National Weather Service meteorologists say freezing rain, which can trigger power outages, could be the big problem across the region.
“Power outages and tree damage are likely, due to the ice,” said meteorologist Mike Rehnberg, of the Weather Service’s office in Greer. “Travel could be nearly impossible.”
Forecasters said they expect precipitation to change from a mix of snow, sleet and freezing rain to all freezing rain by mid-morning Sunday.
Ice accumulations of up to .4 of an inch are possible, forecasters say.
The S.C. Department of Transportation treated roads across the Rock Hill region with a brine solution on Friday and Saturday. The brine is designed to melt ice as it forms.
Shortly after daybreak Sunday, major roads in the three counties were reported to be partially snow and ice-covered. Secondary roads were reported to be ice-covered, according to the DOT.
The S.C. Highway Patrol reported a wreck shortly before 7 a.m. on northbound Interstate 77, near Exit 82 in Rock Hill. Two lanes were closed for about an hour, but the road was reopened by 8:45 a.m.
But the sheriff’s offices in York, Chester and Lancaster counties urged residents to stay off the roads until the storm has ended.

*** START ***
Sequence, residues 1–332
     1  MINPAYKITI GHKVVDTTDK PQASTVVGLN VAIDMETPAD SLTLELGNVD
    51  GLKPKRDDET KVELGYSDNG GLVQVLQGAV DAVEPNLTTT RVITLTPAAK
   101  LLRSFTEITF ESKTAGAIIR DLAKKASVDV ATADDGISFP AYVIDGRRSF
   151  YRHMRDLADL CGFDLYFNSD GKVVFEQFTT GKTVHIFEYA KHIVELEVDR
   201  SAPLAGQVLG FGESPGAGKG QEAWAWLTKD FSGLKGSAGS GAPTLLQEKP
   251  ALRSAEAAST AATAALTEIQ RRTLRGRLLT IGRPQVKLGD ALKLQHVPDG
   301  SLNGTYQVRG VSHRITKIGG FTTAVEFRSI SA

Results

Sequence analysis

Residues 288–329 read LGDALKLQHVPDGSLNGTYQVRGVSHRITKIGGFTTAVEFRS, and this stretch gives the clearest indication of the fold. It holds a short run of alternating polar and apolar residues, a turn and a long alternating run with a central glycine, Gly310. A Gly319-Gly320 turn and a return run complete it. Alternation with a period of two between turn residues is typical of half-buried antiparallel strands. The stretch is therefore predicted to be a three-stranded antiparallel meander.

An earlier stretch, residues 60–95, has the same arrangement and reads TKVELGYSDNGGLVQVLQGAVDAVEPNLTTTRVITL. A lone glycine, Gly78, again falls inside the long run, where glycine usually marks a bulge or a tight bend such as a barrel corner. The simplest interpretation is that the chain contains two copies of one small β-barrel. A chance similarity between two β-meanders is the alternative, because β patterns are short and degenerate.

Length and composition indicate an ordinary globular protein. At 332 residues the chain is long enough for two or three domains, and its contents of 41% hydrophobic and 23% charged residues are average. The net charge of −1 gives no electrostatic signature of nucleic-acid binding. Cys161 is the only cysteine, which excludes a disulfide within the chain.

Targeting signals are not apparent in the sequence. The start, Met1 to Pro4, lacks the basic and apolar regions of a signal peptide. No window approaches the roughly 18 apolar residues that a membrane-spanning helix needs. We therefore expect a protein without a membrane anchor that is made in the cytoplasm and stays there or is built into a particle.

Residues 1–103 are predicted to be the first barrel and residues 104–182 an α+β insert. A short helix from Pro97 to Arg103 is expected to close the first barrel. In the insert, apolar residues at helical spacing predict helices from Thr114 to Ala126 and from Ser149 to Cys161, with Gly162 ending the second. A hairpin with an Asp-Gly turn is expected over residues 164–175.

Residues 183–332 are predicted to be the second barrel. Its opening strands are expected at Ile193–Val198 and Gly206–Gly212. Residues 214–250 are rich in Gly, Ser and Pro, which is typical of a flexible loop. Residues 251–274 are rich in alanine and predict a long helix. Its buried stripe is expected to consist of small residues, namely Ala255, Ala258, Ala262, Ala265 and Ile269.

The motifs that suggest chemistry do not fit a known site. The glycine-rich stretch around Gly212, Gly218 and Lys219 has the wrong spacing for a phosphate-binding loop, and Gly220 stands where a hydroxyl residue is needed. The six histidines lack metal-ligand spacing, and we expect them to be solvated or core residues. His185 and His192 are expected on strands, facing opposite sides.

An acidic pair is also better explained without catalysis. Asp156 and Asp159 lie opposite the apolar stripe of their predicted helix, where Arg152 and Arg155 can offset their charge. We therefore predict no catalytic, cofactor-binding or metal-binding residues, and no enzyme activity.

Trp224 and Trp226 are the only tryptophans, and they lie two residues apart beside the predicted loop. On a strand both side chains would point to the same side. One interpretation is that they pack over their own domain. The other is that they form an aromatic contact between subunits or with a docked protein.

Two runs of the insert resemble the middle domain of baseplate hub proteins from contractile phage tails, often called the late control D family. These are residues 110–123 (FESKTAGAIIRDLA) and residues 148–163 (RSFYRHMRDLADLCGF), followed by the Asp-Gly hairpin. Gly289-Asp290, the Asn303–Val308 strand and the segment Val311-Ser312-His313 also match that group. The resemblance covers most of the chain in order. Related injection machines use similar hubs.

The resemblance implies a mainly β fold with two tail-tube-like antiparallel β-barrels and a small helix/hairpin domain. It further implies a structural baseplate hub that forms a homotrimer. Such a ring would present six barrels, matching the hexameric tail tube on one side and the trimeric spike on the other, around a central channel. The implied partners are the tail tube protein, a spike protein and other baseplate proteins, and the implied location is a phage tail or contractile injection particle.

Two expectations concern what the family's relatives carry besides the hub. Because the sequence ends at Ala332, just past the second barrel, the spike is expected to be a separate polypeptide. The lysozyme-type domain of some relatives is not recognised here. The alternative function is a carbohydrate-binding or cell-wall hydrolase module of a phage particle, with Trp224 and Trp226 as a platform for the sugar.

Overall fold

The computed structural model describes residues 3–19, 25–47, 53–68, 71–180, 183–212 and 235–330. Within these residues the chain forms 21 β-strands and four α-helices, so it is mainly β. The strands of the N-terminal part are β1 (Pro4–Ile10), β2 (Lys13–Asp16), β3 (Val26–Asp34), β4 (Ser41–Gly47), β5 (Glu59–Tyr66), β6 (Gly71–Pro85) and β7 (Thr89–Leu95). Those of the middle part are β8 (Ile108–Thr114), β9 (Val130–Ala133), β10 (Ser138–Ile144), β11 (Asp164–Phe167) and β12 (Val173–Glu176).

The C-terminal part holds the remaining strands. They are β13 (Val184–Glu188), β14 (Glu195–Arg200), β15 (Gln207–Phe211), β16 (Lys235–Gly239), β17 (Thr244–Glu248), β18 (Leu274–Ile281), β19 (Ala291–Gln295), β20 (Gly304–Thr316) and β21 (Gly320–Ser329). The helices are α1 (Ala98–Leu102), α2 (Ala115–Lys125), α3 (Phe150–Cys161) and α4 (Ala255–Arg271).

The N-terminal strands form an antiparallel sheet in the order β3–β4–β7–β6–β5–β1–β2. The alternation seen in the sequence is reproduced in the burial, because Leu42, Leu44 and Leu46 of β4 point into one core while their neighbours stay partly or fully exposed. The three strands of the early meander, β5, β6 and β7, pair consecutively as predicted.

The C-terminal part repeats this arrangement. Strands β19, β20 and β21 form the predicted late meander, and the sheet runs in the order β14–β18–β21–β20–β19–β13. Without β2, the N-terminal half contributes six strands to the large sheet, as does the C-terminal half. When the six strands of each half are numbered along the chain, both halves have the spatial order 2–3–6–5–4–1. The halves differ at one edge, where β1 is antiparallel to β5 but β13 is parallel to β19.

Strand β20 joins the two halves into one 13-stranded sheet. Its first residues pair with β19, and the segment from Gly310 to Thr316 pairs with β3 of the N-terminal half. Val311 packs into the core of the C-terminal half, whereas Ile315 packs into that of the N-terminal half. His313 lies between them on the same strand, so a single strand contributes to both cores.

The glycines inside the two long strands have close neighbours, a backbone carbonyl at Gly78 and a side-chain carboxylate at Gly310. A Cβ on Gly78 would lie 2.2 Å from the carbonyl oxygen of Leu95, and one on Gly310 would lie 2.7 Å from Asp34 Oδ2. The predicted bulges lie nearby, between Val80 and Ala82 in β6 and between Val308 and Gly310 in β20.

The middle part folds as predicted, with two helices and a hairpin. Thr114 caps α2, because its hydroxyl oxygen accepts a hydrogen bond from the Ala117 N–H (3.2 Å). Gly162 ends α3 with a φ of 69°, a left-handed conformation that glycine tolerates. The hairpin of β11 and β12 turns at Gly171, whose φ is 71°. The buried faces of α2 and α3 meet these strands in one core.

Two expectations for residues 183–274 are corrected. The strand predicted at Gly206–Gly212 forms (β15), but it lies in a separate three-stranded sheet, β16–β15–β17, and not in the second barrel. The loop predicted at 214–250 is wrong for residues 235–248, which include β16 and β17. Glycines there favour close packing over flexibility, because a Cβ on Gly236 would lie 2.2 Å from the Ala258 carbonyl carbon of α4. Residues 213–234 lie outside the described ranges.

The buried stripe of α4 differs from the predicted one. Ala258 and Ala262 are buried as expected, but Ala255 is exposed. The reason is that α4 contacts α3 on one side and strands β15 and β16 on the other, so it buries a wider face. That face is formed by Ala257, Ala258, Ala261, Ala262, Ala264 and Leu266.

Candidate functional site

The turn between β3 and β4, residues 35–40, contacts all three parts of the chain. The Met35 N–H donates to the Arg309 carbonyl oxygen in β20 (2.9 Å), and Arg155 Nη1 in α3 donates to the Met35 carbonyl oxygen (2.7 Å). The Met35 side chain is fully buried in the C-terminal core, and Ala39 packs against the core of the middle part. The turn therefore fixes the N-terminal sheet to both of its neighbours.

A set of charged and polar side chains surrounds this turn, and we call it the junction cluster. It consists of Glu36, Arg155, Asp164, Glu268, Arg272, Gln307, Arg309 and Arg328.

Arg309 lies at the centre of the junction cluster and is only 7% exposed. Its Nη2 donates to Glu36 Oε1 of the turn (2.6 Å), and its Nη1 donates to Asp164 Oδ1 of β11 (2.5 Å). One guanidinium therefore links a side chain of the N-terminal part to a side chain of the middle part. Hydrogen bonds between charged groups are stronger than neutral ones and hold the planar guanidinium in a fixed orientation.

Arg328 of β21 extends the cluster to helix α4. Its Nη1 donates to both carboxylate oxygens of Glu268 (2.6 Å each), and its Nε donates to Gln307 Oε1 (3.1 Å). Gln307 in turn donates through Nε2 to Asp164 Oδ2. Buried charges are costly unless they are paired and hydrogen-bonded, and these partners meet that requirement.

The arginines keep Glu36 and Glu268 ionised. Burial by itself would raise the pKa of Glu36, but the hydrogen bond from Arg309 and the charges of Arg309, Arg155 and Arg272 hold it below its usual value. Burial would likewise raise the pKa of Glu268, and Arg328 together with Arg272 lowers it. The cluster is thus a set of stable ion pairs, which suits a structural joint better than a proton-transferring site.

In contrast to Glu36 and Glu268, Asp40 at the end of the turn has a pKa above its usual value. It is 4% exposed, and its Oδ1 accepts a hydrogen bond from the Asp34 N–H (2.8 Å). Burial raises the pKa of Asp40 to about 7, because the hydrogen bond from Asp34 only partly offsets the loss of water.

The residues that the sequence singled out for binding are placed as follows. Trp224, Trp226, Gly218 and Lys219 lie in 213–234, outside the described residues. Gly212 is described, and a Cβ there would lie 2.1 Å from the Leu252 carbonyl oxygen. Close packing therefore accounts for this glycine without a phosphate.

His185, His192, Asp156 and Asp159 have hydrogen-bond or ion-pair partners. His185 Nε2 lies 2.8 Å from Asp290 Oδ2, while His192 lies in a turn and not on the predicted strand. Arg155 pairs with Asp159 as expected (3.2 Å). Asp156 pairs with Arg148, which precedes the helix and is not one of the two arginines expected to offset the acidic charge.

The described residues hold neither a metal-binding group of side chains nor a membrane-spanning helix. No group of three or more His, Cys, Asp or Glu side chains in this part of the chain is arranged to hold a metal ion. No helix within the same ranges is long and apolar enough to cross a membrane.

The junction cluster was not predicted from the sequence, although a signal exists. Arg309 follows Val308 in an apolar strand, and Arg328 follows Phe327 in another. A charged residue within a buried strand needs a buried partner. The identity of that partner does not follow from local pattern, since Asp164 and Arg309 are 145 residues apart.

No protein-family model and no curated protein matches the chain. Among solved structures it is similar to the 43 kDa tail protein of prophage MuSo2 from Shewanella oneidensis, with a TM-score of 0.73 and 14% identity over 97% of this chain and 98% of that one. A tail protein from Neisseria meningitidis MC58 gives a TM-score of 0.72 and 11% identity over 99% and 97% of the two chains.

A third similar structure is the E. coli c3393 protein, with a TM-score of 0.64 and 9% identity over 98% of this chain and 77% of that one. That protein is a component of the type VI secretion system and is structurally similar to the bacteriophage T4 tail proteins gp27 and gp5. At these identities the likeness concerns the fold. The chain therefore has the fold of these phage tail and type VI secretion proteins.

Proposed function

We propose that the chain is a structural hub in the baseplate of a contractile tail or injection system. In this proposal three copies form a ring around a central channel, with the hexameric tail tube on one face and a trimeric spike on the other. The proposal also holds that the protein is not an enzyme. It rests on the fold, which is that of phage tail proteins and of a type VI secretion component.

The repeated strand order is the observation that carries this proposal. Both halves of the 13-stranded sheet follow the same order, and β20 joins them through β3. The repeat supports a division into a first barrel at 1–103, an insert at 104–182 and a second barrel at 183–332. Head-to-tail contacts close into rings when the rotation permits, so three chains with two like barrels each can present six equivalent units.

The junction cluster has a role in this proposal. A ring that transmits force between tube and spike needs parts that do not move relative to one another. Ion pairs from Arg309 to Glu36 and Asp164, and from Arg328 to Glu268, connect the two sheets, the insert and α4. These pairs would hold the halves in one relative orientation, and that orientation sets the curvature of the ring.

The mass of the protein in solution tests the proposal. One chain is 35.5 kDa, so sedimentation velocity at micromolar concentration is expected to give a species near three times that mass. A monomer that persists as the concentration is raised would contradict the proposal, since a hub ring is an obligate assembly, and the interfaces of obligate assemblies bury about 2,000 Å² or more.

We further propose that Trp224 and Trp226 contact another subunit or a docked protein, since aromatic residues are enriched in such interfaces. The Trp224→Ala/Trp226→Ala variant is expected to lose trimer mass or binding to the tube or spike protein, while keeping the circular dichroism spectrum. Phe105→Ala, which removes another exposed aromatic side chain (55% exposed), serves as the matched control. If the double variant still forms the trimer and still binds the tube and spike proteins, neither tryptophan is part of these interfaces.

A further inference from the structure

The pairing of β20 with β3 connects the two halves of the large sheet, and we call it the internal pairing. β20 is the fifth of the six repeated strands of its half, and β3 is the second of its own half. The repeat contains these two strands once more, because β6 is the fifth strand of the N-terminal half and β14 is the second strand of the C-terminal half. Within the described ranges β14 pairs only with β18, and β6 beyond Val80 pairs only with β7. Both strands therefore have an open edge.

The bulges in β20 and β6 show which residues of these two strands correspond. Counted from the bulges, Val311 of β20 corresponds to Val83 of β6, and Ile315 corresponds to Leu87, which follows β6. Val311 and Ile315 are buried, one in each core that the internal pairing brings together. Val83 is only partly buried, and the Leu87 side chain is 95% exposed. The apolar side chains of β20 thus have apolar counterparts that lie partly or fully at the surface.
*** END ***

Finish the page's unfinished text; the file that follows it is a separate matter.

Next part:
A number of churches across York County canceled morning services.
The precipitation arrived from the southwest around 1:30 a.m. Sunday, in the form of light snow.
The National Weather Service said precipitation changed to sleet around 4 a.m. and then began mixing with freezing rain by 7 a.m.
Freezing rain was reported to be falling in all three counties by 9 a.m. Sunday.
Freezing rain could be the big problem with this storm.
The S.C. Highway Patrol reported trees in the Columbia area were weighed down with ice accumulations Sunday morning.
Duke Energy officials said they are anticipating up to 750,000 customers in the Carolinas could lose power from the storm. The utility company called in thousands of repair crews from Florida, Texas and the Midwest to deal with the storm’s impact.
As of 9 a.m. Sunday, about 45,000 power outages were reported in South Carolina. Most of those were in Oconee and Pickens counties, in the northwest corner of the state.
But more than 100,000 outages were reported in Georgia, especially in counties bordering South Carolina. Freezing rain began falling in those areas a few hours ago.